Fast forward to October 2014 post-Hershey.  I'm in my hotel room in Freeport, Maine, and I see a friend on Facebook posts a pair of Cadillacs he had for sale.  A 1951 Coupe de Ville and a blue 1953 Sedan as a package deal, not willing to separate them.  So, I figured I'd send him a message and ask if he knew if this car had belonged to John Stordy (that was the original owner).  He confirmed and that yes, it was.  I figured it wasn't meant to be.  He wasn't separating the pair and I had no interest in the Coupe.

Finally, Thursday night, I see him share another ad listing the 9 Cadillacs he has for sale.  The 53 isn't part of a package anymore.  So, I Facebooked him and he sent me a bunch of pictures, and I was still hooked.  We chatted on the phone for a bit, agreed to the price, and I got the rest of the story from after the car disappeared.

In 2012, Mr. Stordy passed away at the age of 89.  A fellow insurance agent bought the car from the widow.  He then sold it to a chap near me who had intended to restore it.  Well, along come twins, and there go the restoration plans.  My friend bought it sight unseen as a parts car for the 51 Coupe.  The car shows up on his doorstep, he gets looking at the car, and said, wow, this is in better shape than the 51, way too good for a parts car.  He then finds Mr. Stordy's obituary in the paperwork for the car, and he said, that's it.  This was someone's prized possession, this needs to be restored, not cut up.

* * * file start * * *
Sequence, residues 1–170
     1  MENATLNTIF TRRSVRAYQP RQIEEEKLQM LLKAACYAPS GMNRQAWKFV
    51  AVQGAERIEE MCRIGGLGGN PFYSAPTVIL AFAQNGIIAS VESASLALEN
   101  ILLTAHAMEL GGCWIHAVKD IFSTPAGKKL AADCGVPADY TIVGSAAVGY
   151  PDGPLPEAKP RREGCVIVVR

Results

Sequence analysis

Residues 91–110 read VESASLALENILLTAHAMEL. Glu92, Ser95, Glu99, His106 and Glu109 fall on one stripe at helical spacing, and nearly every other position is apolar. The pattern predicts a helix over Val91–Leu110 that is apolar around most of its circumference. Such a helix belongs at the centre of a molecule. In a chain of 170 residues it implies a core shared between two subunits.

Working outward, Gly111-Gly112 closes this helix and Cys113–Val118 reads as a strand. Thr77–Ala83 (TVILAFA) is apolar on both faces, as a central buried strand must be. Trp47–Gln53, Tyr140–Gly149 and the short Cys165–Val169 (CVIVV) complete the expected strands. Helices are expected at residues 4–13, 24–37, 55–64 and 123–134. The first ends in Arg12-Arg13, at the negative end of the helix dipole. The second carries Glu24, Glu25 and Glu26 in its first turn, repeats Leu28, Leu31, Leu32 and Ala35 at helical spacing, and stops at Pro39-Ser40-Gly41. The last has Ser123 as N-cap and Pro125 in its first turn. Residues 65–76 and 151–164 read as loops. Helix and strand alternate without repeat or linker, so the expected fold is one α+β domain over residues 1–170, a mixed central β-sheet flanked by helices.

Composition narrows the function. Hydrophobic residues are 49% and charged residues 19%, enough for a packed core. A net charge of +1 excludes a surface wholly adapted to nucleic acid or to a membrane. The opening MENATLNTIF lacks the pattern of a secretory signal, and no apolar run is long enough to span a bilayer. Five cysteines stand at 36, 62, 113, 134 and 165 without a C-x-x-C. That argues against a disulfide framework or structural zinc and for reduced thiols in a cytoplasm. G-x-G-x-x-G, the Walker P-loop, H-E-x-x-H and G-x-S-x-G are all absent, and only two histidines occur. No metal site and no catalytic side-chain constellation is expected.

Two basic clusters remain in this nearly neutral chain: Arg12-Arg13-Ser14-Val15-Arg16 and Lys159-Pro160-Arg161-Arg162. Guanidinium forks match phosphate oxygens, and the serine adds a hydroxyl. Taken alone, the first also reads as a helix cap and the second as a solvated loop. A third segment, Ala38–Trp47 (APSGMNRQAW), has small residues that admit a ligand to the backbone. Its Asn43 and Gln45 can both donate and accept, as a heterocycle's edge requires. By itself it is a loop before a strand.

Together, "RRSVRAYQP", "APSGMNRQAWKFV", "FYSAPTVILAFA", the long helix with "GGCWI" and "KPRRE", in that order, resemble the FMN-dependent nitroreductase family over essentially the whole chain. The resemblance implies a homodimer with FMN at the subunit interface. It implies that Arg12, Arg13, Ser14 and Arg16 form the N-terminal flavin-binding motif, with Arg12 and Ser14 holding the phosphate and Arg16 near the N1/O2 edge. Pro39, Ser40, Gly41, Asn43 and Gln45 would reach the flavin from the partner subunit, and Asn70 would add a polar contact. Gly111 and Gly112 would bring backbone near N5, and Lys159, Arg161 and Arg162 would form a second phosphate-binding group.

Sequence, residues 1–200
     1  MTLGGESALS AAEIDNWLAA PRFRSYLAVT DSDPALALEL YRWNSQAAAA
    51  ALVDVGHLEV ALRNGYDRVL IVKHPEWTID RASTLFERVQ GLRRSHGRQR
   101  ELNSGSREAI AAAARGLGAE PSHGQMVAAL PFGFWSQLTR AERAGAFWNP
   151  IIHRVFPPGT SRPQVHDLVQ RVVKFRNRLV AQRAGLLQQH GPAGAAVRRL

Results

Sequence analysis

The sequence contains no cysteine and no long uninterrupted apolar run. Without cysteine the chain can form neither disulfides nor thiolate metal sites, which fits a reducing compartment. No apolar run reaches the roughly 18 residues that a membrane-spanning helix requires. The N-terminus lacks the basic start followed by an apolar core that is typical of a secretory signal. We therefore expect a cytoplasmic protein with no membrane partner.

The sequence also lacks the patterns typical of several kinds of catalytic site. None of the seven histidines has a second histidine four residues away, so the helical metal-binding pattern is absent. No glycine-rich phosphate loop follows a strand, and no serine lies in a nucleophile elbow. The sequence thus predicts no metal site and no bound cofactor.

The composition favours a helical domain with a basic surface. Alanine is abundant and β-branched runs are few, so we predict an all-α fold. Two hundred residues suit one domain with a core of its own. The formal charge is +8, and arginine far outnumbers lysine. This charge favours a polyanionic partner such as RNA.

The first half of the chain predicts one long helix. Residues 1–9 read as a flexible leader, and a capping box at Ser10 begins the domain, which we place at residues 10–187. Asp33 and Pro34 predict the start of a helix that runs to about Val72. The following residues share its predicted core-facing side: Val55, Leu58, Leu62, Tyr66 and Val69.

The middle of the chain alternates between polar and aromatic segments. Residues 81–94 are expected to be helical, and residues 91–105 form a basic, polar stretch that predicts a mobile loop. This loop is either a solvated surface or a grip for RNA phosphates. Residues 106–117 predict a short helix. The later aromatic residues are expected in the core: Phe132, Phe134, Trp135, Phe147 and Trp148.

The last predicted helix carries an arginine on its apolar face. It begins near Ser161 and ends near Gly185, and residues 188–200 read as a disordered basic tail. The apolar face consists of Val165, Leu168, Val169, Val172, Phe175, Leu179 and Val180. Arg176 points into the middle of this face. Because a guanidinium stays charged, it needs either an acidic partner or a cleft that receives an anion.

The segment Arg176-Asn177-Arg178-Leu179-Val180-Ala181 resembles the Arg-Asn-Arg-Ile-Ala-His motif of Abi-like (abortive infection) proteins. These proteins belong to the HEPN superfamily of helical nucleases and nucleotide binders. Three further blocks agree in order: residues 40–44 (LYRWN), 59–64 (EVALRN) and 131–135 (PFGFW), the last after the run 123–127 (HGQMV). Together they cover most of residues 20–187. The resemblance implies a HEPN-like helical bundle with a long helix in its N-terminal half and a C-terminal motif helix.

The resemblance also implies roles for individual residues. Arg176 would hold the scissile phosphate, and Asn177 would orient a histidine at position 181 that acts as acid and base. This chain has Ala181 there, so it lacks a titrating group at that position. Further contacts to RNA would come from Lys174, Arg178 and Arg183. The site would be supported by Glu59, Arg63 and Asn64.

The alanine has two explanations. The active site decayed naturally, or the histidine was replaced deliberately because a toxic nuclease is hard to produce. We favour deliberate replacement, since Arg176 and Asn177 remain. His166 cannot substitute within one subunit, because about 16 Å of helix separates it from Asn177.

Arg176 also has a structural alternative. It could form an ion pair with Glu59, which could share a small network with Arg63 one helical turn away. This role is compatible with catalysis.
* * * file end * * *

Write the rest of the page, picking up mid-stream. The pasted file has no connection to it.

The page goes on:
In comes me.  I bought the car.  He's kept it in his warehouse for me until spring.  After all, we have a history. 

Mr. Stordy bought this car new, drove it into the early 1970's.  It is an unmolested car, never painted, just maintained and driven.  When I first met Mr. Stordy, he was carrying an oxygen tank and could barely walk, but as soon as he walked in that garage, he ditched the oxygen mask and vividly told the story of his car.  In failing health, battling Alzheimer's, I think I had such a difficult time buying the car from him directly because it was one of the few things he could remember and when it came time to let go, he just couldn't.  I got to know the person behind the car from our phone calls and random meetings.